The emergence of dendritic spines in BLA principal neurons has numerous potential implications for neurotransmission in the amygdala. Glutamatergic afferents to the BLA are thought to provide representations for sensory stimuli that are critical to amygdala function, including noxious and neutral stimuli that undergo plasticity during associative fear learning (Rodrigues et al., 2004; Maren, 2005; Pape and Pare, 2010). Dendritic spines provide a means of compartmentalization of biochemical and electrical signals related to neurotransmission (Shepherd, 1996; Lee et al., 2012), meaning the lack of spines early in development should impact the specificity of synaptic plasticity. Coincidentally, during the same window when spines emerge and reach mature numbers, there is increased abundance in BLA synaptic terminals of zinc, which promotes long-term potentiation of glutamategic synapses in the BLA (Mizukawa et al., 1989; Li et al., 2011). Interestingly, juvenile mice exhibit generalization of conditioned fear, which could be related to poor specificity of synaptic plasticity (Ito et al., 2009). During infancy, rats also exhibit deficits to fear learning, and many forms of associative emotional learning emerge during the first few postnatal weeks (for review, see King et al., 2013). Perhaps most interesting is the observation that the amygdala is activated by odor-shock pairing after but not before P10, corresponding with the emergence of aversive conditioning and a change in amygdala synaptic plasticity (Sullivan et al., 2000; Thompson et al., 2008), precisely when dendritic spines begin to emerge.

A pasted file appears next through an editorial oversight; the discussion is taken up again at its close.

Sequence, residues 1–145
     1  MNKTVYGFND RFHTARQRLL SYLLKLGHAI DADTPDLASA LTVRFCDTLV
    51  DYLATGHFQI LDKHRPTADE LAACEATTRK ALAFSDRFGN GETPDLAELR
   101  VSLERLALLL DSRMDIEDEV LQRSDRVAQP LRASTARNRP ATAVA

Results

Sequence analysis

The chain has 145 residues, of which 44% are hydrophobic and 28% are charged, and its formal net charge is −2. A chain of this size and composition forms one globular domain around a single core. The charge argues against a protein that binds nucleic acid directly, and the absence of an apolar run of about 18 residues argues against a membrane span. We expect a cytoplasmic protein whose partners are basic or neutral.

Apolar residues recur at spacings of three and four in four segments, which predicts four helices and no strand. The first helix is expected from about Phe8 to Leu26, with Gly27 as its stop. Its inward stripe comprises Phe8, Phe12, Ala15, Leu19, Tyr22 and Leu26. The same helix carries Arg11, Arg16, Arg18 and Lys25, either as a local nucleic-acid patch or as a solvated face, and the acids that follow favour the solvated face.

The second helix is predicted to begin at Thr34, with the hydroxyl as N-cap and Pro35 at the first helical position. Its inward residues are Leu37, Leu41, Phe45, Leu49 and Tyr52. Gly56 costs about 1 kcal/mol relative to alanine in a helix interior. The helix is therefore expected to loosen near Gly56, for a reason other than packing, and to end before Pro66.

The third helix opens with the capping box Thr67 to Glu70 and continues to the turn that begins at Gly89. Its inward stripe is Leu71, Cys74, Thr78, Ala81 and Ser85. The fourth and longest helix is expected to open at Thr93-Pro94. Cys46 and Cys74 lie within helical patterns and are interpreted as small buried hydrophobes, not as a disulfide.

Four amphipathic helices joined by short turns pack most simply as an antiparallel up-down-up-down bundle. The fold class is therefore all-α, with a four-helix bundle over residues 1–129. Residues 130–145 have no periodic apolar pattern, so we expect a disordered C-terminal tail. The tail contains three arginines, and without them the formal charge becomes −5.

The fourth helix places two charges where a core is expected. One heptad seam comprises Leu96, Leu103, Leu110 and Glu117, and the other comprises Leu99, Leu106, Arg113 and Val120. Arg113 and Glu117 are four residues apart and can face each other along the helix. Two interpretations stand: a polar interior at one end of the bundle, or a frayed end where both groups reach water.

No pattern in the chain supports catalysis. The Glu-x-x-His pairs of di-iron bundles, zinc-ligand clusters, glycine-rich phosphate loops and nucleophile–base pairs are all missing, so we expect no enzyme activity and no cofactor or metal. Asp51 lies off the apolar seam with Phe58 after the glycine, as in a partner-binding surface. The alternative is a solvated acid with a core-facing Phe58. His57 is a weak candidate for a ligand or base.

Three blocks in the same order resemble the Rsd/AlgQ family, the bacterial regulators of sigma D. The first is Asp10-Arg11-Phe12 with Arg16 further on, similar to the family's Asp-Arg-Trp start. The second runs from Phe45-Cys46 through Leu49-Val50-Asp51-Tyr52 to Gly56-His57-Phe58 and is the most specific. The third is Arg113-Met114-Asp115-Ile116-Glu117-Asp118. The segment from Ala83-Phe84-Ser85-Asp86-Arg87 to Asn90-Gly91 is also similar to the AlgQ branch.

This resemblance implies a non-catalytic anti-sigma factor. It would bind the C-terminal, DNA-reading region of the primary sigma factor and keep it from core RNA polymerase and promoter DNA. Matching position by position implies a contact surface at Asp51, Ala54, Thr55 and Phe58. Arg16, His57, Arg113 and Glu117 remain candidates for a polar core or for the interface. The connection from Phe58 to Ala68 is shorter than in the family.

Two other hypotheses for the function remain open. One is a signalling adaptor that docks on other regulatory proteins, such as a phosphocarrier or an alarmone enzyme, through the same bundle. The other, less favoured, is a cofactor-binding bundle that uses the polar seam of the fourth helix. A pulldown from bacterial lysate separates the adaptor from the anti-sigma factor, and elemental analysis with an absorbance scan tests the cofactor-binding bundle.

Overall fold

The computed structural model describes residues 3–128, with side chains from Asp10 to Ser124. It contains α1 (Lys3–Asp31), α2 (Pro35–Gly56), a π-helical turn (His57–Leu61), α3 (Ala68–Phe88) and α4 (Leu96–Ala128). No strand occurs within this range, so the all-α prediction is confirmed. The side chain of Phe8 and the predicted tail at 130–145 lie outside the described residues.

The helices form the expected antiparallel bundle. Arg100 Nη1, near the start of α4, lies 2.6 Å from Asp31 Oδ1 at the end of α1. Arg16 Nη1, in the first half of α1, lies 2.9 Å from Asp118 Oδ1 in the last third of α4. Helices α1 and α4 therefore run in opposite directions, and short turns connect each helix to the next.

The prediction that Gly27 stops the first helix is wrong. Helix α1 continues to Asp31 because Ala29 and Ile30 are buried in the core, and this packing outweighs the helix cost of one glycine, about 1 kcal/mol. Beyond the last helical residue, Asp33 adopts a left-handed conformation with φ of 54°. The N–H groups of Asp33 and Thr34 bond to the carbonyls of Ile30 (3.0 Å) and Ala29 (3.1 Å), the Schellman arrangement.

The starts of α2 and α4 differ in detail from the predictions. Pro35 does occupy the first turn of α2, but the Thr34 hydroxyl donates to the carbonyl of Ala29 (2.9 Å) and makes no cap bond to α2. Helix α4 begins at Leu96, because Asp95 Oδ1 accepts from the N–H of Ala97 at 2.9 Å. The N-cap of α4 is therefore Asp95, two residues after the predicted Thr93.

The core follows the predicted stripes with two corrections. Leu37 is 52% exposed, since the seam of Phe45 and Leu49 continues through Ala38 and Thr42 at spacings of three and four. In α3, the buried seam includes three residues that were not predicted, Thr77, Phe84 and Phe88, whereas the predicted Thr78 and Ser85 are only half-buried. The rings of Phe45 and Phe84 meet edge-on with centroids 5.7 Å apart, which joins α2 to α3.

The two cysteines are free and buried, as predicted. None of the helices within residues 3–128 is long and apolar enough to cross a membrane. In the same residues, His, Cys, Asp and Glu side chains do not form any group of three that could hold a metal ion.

3.5.4 Voltage-gated Ion Channel Expression In addition to the morphological changes we observed throughout development, we found a variety of changes in the expression of ion channel subtype mRNA transcripts in BLA principal neurons. These channels are distributed throughout the neuronal membrane and impact the electrophysiological function of BLA principal neurons. Using single-cell RT-PCR of patch clamped neurons at each time point, we found transitions in the expressed subtypes expressed of all the ion channels tested: HCN, KIR, KV, and CaV. The subtype changes, discussed individually below, correspond with and in many cases are corroborative of the maturation of membrane currents in these neurons. Further experiments will be required to determine whether quantitative changes are found for expression of mRNA for these ion channel subtypes and whether these translate to changes in protein and the function of ion channels using pharmacological manipulations. In addition, because we assessed gene expression on a binary scale and the technique has high potential for false negatives, we interpret these results as indications of trends in expression levels.

HCN channels mediate the H-current, a hyperpolarization-activated, nonselective cation current (Pena et al., 2006). We have shown a developmental shift in the expression of mRNA for HCN channel subtypes in BLA principal neurons from HCN4 to HCN1. Specifically, HCN4 mRNA was detected only at time-points before P28, while HCN1 mRNA emerged at P28. HCN4 has much slower kinetics and is classically expressed early in development, while HCN1 exhibits the fastest kinetics of the 4 subtypes and has stronger expression in the mature brain (Monteggia et al., 2000; Vasilyev and Barish, 2002; Surges et al., 2006; Bender and Baram, 2008;

Kanyshkova et al., 2009). The shift in expression from HCN4 to HCN1 in BLA principal neurons corresponds with the activation time-constant of IH in these neurons (Ehrlich et al., 2012). The transition in Ih kinetics does not occur sharply between P21 and P28, as the expression of HCN4 and 1 mRNA would suggest, possibly due to contributions of HCN2 and HCN3 or more gradual changes in protein expression compared to mRNA. Future studies should address quantitative changes in HCN subtype mRNA expression, which the present study failed to capture.